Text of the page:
315. 6th anniversary special: Comfort Eating with Grace Dent45:04Happy 6th birthday to us! And just like a young child who hasn’t learned a sense of self-restraint we’re reaching for the Ferrero Rocher with restaurant critic Grace Dent. Join us for a conversation about comfort eating, the title of her podcast and new book. What do we eat when nobody else is watching? And why are some foods so steeped in nostalgia?PLUS: Geoff and Ed reminisce about the past 6 years and Ed has been checking out a new bandWe’ll be back with another episode next Monday, but keep your ideas and suggestions coming in. Get in touch with us via our website or on our social media. We love to hear from you!GuestGrace Dent, columnist, broadcaster and author (@gracedent)More informationPre-order a copy of Grace’s book Comfort Eating, published by Faber & Faber on October 5thRead Grace’s restaurant columns in the GuardianListen to Comfort Eating the podcast, new season starting on Tuesday 26th September!
Reasons Revisited: Rent Control11:54How do we tackle the housing crisis? It’s a question we’ve looked at several times over the years, but it hasn’t become any less pressing. This week, new statistics showed that rents are rising at their fastest rate in almost a decade. We delve into some of the potential solutions, from rent control to long-term tenancy agreements. We hop into our RTBC time machine and go back to 2017, where we speak to Grace, a tenant in a rent-controlled flat and Greg Beales from housing charity Shelter. Last year we also talked to Maria Vassilakou, the former deputy mayor of Vienna, to ask whether we can learn anything from the city’s approach to social housing.See you on Monday for our next episode of Reasons to be Cheerful!Listen to RTBC Episode 4: Take back (rent) control: All power to the tenants! (2017)Listen to RTBC Episode 265: Home sweet (social) home (2022)Learn more about the work of Shelter and their recent research, including information on the Renters Reform Bill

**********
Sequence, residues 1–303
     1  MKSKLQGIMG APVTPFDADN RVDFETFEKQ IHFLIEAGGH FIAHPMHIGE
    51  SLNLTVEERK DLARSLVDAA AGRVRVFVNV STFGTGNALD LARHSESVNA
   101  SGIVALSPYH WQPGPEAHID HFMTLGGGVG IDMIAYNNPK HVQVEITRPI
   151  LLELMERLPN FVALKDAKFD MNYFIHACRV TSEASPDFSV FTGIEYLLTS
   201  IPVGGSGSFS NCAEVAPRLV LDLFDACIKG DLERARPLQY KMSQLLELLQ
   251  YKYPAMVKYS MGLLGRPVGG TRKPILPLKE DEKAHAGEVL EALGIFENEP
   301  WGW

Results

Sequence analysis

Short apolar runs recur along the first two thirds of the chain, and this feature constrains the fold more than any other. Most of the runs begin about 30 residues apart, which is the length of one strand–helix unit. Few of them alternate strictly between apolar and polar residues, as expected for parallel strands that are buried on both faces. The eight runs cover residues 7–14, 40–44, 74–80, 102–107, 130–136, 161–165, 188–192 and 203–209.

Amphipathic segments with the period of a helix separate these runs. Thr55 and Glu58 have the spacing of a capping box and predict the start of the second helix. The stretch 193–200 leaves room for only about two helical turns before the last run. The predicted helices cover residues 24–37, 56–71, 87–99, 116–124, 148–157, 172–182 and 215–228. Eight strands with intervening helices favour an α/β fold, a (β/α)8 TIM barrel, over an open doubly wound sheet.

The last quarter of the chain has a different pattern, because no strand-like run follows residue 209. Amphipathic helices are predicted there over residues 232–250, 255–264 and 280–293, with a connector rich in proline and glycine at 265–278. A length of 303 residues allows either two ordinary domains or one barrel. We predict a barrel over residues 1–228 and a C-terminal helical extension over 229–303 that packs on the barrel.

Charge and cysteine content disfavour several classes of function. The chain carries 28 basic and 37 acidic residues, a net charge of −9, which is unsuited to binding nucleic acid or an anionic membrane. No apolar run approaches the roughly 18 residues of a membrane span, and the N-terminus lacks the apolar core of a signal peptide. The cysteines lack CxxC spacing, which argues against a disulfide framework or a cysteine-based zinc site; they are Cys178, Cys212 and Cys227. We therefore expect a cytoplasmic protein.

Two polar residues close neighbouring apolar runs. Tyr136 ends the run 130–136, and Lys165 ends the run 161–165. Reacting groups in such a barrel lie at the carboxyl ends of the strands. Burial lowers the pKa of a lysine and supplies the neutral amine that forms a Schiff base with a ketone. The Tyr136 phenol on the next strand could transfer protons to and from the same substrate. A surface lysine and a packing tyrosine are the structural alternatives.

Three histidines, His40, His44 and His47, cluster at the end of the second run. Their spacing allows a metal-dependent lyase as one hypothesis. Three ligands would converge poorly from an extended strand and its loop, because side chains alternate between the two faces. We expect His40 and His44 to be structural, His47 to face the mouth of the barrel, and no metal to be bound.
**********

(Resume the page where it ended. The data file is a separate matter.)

314. Apocalypse (not) now: is AI an existential threat?50:14Depending on who you speak to, AI is either going to plunge us into the abyss or improve every aspect of our lives immeasurably. The hype around AI can be disorientating, so let the RTBC team steer you away from the grim end-of-humanity inevitability, as we explore a more nuanced version of the AI story. Our guests Mustafa Suleyman, Dr Mhairi Aitken and Lauren M. E. Goodlad discuss whether the benefits of AI will ever outweigh the risks, why AI hype can serve as a distraction from some very pressing issues, and whether Geoff can ever replace Ed as a more obedient podcast host.Plus: Despite the technological advances of AI, why are Ed and Geoff still hung up on Ceefax?GuestsMustafa Suleyman, Co-founder of Inflection AI and author of The Coming Wave: Technology, Power, and the Twenty-first Century's Greatest Dilemma (@mustafasuleyman)Dr Mhairi Aitken, Ethics Fellow, Alan Turing Institute (@mhairi_aitken / @turinginst)Lauren M. E. Goodlad, Professor of English and Comparative Literature and Chair of the Critical AI Initiative at Rutgers University (@CriticalAI)More informationBuy a copy of Mustafa’s book hereLearn more about Inflection AI hereLearn more about the Alan Turing Institute and the work Mhairi is doing on children’s rights and AILearn more about Rutgers University’s Critical AI Initiative with the journal’s inaugural issue to follow in October 2023